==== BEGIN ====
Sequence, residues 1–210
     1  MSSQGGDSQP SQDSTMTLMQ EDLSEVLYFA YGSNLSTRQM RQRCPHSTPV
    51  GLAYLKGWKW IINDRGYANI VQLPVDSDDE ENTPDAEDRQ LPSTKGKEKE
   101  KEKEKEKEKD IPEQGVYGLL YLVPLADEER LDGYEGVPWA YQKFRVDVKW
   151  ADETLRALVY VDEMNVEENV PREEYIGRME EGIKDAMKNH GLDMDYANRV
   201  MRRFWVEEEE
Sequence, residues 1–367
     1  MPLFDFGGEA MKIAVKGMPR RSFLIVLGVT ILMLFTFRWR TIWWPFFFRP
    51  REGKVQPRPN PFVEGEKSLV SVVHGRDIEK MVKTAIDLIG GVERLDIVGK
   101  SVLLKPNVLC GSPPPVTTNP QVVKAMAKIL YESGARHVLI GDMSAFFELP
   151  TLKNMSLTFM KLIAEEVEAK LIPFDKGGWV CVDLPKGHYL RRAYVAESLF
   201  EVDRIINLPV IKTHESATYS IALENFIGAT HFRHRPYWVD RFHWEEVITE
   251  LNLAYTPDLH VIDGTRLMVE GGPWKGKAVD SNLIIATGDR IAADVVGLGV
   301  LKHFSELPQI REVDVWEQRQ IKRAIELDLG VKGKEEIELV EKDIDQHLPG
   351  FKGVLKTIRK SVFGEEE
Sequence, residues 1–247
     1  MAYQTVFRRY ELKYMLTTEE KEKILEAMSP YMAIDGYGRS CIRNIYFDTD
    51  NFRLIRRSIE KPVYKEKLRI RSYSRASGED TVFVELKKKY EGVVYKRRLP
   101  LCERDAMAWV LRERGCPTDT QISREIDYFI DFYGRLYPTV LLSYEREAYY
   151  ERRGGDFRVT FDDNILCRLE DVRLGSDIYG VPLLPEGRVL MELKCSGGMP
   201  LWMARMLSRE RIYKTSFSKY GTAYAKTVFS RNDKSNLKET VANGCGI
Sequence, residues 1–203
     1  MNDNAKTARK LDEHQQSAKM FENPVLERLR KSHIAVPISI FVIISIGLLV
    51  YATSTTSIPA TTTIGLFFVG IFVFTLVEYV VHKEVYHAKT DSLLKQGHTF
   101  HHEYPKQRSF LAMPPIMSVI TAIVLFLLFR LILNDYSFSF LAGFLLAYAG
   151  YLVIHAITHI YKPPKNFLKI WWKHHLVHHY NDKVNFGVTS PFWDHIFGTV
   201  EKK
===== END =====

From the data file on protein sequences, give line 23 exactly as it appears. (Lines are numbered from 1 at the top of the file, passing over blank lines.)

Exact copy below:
     1  MNDNAKTARK LDEHQQSAKM FENPVLERLR KSHIAVPISI FVIISIGLLV